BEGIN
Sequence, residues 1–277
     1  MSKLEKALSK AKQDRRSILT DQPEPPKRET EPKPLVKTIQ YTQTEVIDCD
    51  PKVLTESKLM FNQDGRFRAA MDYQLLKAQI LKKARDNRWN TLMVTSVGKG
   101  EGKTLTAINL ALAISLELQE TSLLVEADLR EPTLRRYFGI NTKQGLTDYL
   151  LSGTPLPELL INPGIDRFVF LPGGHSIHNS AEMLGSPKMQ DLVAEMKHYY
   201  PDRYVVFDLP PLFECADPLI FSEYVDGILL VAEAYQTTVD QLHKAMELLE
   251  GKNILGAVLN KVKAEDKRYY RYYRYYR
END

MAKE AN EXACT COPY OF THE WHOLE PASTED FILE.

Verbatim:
Sequence, residues 1–277
     1  MSKLEKALSK AKQDRRSILT DQPEPPKRET EPKPLVKTIQ YTQTEVIDCD
    51  PKVLTESKLM FNQDGRFRAA MDYQLLKAQI LKKARDNRWN TLMVTSVGKG
   101  EGKTLTAINL ALAISLELQE TSLLVEADLR EPTLRRYFGI NTKQGLTDYL
   151  LSGTPLPELL INPGIDRFVF LPGGHSIHNS AEMLGSPKMQ DLVAEMKHYY
   201  PDRYVVFDLP PLFECADPLI FSEYVDGILL VAEAYQTTVD QLHKAMELLE
   251  GKNILGAVLN KVKAEDKRYY RYYRYYR